Iridology (also known as iridodiagnosis) is an alternative medicine technique whose proponents believe that patterns, colours, and other characteristics of the iris can be examined to determine information about a patient’s systemic health.
Practitioners match their observations to iris charts which divide the iris into zones corresponding to specific parts of the human body.
Iridologists see the eyes as “windows” into the body’s state of health. Iridologists use the charts to distinguish between healthy systems and organs in the body and those which are overactive, inflamed, or distressed.
Iridologists believe this information may be used to demonstrate a patient’s susceptibility towards certain illnesses, to reflect past medical problems, or to predict later consequences of health problems which may be developing.
Iridology is not supported by quality research studies and is considered pseudoscience and quackery by most medical practitioners and eye care professionals.
The iris is the greenish-yellow area surrounding the transparent pupil (showing as black). The white outer area is the sclera, the central transparent part of which is the cornea.
Iridologists generally use equipment such as a flashlight and magnifying glass, cameras or slit-lamp microscopes to examine a patient’s irises for tissue changes, as well as features such as specific pigment patterns and irregular stromal architecture.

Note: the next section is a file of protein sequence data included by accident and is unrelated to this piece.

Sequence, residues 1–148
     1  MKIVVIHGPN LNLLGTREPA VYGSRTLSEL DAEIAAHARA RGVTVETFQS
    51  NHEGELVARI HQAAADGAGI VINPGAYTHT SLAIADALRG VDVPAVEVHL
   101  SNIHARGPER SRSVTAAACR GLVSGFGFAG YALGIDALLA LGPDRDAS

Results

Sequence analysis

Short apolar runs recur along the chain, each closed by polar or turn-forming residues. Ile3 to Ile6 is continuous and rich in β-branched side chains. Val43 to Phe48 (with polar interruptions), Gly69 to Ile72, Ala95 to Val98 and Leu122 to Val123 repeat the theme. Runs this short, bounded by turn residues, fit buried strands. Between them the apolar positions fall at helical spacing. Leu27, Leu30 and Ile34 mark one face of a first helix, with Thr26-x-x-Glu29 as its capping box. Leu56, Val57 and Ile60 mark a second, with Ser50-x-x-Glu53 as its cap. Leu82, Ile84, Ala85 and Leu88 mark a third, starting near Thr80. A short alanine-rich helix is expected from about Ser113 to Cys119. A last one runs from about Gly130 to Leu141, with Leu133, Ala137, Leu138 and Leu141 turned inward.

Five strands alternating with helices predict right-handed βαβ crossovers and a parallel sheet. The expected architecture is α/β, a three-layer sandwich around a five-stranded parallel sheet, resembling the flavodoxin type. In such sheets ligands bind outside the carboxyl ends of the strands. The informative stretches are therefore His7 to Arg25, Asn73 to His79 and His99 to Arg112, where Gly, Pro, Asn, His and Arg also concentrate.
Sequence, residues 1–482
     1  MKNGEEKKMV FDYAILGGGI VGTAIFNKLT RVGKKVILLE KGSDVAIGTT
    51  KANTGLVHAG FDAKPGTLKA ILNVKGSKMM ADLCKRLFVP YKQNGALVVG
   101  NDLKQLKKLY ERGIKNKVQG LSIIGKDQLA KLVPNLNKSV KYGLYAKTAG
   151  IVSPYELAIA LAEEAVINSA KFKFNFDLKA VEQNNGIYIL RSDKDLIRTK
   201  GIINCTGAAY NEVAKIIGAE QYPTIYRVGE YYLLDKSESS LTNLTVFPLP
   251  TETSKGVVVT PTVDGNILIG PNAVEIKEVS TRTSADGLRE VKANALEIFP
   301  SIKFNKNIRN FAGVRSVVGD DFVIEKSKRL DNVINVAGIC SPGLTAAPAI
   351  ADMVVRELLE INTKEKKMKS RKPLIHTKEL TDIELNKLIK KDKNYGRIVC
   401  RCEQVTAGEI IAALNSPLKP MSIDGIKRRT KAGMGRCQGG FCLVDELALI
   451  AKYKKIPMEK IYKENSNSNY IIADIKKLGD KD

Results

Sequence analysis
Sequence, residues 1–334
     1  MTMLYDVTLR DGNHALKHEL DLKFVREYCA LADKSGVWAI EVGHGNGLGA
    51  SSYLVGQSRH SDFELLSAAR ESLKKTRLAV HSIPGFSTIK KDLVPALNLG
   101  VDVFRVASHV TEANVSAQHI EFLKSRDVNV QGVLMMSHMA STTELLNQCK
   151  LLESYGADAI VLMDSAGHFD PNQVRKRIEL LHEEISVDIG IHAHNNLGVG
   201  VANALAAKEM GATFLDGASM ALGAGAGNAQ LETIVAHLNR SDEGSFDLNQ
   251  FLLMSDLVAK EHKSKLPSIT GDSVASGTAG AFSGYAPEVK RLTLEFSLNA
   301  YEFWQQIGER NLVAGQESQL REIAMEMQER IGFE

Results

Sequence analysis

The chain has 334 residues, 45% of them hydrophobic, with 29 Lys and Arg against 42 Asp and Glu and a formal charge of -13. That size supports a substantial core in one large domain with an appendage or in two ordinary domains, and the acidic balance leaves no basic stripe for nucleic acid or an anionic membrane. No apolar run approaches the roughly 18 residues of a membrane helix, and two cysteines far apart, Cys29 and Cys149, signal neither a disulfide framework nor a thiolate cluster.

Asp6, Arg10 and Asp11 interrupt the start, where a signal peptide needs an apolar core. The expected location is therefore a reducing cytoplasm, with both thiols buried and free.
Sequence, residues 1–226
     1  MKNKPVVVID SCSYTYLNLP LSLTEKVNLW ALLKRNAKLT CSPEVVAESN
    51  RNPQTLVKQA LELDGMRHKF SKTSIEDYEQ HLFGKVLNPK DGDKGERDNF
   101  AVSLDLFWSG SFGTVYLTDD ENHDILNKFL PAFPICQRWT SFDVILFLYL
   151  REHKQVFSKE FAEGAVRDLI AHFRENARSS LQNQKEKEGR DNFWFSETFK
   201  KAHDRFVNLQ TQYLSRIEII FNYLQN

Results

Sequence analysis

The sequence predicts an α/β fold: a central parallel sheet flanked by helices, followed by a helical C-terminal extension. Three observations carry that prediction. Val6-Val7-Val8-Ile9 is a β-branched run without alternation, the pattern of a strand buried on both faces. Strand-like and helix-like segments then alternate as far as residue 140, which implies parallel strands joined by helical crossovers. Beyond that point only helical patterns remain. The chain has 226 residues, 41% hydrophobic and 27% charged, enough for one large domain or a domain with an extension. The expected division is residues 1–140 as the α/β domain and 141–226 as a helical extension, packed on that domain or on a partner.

The markings and patterns are compared to an iris chart that correlates zones of the iris with parts of the body. Typical charts divide the iris into approximately 80-90 zones.
For example, the zone corresponding to the kidney is in the lower part of the iris, just before 6 o’clock. There are minor variations between charts’ associations between body parts and areas of the iris.
According to iridologists, details in the iris reflect changes in the tissues of the corresponding body organs.
One well-known practitioner, Dr. Bernard Jensen, puts it this way: “Nerve fibers in the iris respond to changes in body tissues by manifesting a reflex physiology that corresponds to specific tissue changes and locations.”
This means that a bodily condition will translate to a noticeable change in the appearance of the iris.
For example, acute inflammatory, chronic inflammatory and catarrhal signs may indicate involvement, maintenance, or healing of corresponding distant tissues, respectively.
Other features that iridologists look for are contraction rings and Klumpenzellen, which may indicate various other health conditions, as interpreted in context.
The first explicit description of iridological principles such as homolaterality (without using the word iridology) are found in Chiromatica Medica, a famous work published in 1665 and reprinted in 1670 and 1691 by Philippus Meyeus (Philip Meyen von Coburg).
The first use of the word Augendiagnostik (“eye diagnosis,” loosely translated as iridology) began with Ignaz von Peczely, a 19th-century Hungarian physician.
The most common story is that he got the idea for this diagnostic tool after seeing similar streaks in the eyes of a man he was treating for a broken leg and the eyes of an owl whose leg von Peczely had broken many years before.
At the First International Iridological Congress, Ignaz von Peczely’s nephew, August von Peczely, dismissed this myth as apocryphal, and maintained that such claims were irreproducible.
The German contribution in the field of natural healing is due to a minister Pastor Felke, who developed a form of homeopathy for treating specific illnesses and described new iris signs in the early 1900s.
However, Pastor Felke was subject to long and bitter litigation. The Felke Institute in Gerlingen, Germany was established as a leading center of iridological research and training.